It is its present application that’s now in dispute.

“America is no longer a land where whites hold the levers of power and minority representation depends on extraordinary federal intervention,” argues an amicus brief filed by the Cato Institute in the Shelby County case.

The kinds of voting law changes covered jurisdictions must submit for preclearance — back then, and still today — span large-scale changes like redistricting and voter ID laws to small things like changing a polling place or precinct, as this chart shows.

One way to look at the effectiveness of Section 5 is through the number of times the DOJ has requested more information from a jurisdiction that has submitted a voting change followed by a subsequent withdrawal of that proposal.

In a 2007 paper, Nathaniel Persily, a Columbia University professor of law and political science, concluded that since 1982, the DOJ requested more information from states or local governments 800 times, followed by the withdrawal of proposals in 205 of those instances.

“This represents a tiny fraction” of overall requests since 1982, Persily observes, “but it gives a sense of how many dogs did not bark as a result of the threat of a denial of preclearance.”

Just this past year, the provision was the reason federal judges blocked voter ID laws in both Texas and South Carolina, voided new district maps in Texas and prevented early voting reduction of hours in parts of Florida, citing a potential adverse effect on minority voters.

In the past year, the Justice Department objected to a total 16 proposed changes under Section 5, according to a DOJ official.

Does this tell us that Section 5 remains a viable tool concerning these specific jurisdictions? It depends how you look at it.

“There’s no question Section 5 covered the most egregious bad actors and the world looks different now,” said Heather Gerken, a professor at Yale Law School who specializes in election law. “But the question is, why does the world look different? And in some ways we can’t know because of the prophylactic rule.”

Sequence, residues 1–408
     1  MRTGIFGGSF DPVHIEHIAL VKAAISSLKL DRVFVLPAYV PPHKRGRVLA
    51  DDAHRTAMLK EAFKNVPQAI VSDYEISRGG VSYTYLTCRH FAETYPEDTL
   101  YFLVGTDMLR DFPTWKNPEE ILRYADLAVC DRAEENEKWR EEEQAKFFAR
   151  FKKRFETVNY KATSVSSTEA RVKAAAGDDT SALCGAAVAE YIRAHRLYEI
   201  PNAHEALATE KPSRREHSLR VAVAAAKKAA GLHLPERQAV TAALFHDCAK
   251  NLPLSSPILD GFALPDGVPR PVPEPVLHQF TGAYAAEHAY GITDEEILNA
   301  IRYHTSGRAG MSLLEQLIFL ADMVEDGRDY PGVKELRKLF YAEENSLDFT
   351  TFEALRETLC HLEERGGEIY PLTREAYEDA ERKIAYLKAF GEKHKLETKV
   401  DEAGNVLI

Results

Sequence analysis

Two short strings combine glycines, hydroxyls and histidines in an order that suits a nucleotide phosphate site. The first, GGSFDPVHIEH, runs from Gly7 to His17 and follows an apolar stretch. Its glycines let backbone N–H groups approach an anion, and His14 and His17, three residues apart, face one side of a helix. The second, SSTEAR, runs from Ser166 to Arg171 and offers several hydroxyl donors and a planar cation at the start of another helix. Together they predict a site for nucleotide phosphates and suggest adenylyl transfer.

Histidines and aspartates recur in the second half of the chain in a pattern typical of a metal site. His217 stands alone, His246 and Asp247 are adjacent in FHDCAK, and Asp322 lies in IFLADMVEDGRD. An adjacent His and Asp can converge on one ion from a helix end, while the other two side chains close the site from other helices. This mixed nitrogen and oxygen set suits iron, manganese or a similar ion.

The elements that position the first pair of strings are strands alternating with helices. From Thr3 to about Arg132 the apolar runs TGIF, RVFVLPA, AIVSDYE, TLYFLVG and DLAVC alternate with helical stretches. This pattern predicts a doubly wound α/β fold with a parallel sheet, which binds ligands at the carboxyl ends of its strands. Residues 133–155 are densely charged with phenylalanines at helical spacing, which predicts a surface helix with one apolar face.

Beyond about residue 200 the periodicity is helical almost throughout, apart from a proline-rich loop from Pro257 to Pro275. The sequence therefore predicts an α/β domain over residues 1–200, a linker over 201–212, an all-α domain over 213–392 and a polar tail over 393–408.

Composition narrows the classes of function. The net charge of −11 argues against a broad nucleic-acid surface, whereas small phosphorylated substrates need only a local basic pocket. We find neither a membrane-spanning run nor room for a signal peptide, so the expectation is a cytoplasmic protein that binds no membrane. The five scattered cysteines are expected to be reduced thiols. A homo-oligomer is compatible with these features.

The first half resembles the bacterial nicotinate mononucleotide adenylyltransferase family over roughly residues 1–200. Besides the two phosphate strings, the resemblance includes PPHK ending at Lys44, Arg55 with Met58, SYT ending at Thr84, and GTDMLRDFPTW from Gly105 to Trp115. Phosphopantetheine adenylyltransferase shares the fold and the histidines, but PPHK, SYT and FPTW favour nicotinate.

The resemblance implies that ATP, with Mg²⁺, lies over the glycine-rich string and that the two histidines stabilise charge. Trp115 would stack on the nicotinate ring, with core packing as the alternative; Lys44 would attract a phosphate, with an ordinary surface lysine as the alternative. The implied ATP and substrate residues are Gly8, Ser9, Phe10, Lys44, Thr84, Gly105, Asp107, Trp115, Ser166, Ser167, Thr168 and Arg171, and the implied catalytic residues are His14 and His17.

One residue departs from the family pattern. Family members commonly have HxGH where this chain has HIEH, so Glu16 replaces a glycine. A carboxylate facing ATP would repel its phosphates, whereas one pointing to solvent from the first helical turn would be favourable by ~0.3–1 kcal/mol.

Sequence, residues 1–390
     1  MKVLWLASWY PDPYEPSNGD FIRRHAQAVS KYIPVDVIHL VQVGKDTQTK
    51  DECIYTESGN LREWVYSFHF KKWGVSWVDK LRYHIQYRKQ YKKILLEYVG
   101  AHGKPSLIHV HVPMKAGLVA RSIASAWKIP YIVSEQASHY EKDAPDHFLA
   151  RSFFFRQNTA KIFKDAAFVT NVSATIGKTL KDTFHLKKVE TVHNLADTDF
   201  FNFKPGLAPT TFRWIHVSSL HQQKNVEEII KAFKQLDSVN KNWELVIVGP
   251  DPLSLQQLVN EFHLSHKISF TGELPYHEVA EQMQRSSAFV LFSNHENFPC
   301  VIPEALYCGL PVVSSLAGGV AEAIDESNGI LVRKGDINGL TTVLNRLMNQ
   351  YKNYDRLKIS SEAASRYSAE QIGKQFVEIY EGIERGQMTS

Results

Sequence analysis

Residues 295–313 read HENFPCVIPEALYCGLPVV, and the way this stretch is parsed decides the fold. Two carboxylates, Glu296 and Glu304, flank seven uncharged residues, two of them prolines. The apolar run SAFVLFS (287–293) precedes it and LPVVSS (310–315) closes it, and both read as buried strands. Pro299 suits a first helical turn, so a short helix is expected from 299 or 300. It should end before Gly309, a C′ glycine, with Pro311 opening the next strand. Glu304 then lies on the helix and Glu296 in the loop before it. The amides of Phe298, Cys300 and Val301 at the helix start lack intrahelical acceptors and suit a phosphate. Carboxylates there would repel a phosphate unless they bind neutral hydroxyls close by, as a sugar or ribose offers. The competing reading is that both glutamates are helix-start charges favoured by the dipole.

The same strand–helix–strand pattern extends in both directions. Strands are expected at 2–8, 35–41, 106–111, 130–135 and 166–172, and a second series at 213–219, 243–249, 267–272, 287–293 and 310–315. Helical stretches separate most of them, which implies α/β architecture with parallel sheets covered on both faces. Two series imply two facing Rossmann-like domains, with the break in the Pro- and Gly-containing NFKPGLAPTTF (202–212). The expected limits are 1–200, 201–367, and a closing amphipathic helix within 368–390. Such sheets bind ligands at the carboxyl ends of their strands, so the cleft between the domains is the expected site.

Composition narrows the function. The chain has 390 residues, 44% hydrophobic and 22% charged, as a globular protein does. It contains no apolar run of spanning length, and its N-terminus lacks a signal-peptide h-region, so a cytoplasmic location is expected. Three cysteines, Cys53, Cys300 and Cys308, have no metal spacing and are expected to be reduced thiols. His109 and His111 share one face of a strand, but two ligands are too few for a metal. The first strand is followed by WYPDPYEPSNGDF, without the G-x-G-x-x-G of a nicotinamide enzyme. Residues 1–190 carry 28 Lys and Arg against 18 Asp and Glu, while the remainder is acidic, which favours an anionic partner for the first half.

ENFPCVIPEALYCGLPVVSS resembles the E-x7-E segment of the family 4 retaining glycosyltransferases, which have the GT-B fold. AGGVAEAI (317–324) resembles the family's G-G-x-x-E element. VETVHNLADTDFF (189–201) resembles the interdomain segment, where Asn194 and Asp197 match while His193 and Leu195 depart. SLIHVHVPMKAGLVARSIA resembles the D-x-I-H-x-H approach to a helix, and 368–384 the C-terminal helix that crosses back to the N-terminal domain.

So who’s challenging Section 5?

Shelby County, Ala. In 2008, the city of Calera — located within Shelby County — redrew one of its electoral maps, bringing in hundreds of white voters and significantly decreasing the number of black voters, from 70.9 percent to 29.5 percent.

Since any change that would discriminate against minority voters violates the Voting Rights Act, the Justice Department stepped in and vetoed the proposed map. (The only black representative of the city council also lost his seat that election.)

The Justice Department also said the city relied on unreliable demographic data to justify the new map.

On April 27, 2010, Shelby County filed a lawsuit against the Justice Department in U.S. District Court for the District of Columbia, asking the court to declare Section 5 unconstitutional on its face – meaning, broadly applied, as opposed to just in the county’s case alone.

As Reuters details, the case caught the attention of Edward Blum, a conservative advocate who persuaded Shelby County to file a suit, in turn connecting the county with lawyers who could handle an appeal all the way to the U.S. Supreme Court. Blum is also behind the recent Supreme Court challenge to affirmative action in public universities, Fisher v. University of Texas.